Beloved St. John’s community,
Last week I was speaking with our vestry about what church does that no other organization does. What is unique about who we are and what we do?
We began speaking about the sense of peace, magic, inspiration, and spiritual nourishment we feel when we gather together on Sunday mornings. How the sum of us as a community is greater than the parts; how we are sometimes moved to tears when a line from a song or a sermon or the scripture meets us exactly where we are in a way that is uncanny; how wonderful it is to be seen and loved by the community. We mourned that we cannot do this in the same way when we are not meeting physically. How are we supposed to be St. John’s without Sunday morning, given that we don’t know when that will be available to us again?
Our Bishop-Elect Craig Loya said recently in our clergy conference that we have the opportunity to see this time as a giant invitation, from the Holy Spirit, for transformation in the church. We have suddenly found ourselves without any of the usual trappings, and we now can ask ourselves: what about Sunday morning was it that met us so deeply?
For me personally, I became a priest because it literally felt nearly impossible not to. I felt caught up into the current of the presence of Christ who met me where I actually was and offered healing, identity, purpose, practice, and community. When the Episcopal Church in Minnesota created its profile for calling our next Bishop, we collectively said that we wanted to boldly embrace the change and innovation needed in the church—by returning to an expanded sense of our roots: to recover our identity as followers of Jesus’ Way of Love, and to express that identity through spiritual practice in community. Bishop-elect Loya said that he was profoundly moved by this statement; it thoroughly captured his imagination and heart.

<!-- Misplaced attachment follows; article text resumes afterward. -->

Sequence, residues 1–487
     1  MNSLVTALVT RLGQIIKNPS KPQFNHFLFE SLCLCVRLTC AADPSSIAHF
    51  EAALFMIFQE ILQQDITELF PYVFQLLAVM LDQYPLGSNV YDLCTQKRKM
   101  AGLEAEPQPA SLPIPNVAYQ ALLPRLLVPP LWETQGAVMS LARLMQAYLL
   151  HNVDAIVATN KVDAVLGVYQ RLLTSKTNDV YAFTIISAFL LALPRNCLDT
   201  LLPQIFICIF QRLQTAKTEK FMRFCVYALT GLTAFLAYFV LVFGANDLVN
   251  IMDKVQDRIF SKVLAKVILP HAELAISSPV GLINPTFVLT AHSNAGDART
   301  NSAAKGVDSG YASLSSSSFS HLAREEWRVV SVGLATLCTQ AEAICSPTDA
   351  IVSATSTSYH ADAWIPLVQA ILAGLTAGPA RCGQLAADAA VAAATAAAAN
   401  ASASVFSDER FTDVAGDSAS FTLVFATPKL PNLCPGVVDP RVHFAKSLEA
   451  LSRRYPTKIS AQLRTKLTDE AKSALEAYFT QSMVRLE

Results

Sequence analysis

Nothing could have prepared Bishop Loya or ECMN for the change and innovation that would shortly become mandatory whether it was wanted or not—the changed imposed on us by this pandemic. But Bishop Loya spoke the truth. God’s Spirit is active in all situations, and I truly believe God is asking us to welcome that change by discovering Christ’s presence in it. Everything, my friends, is pointing in the same direction: the current that is God’s Spirit is no longer a trickle but a flood, and we can be caught up into God’s loving, life-giving, liberating activity. Our job is to keep our heads above water, and cooperate.
Where have you been encountering the risen Christ lately?
Have you participated in any of St. John’s incredibly rich online offerings, both recorded and live?
Have you been able to face yourself as you actually are, in all your giftedness and struggle, during this time?
What are the new things that the Holy Spirit is inviting in you, and in us?
I have never been more grateful to be a follower of Jesus, and to be so in community with all of you. Let’s find out what innovation actually looks like, together.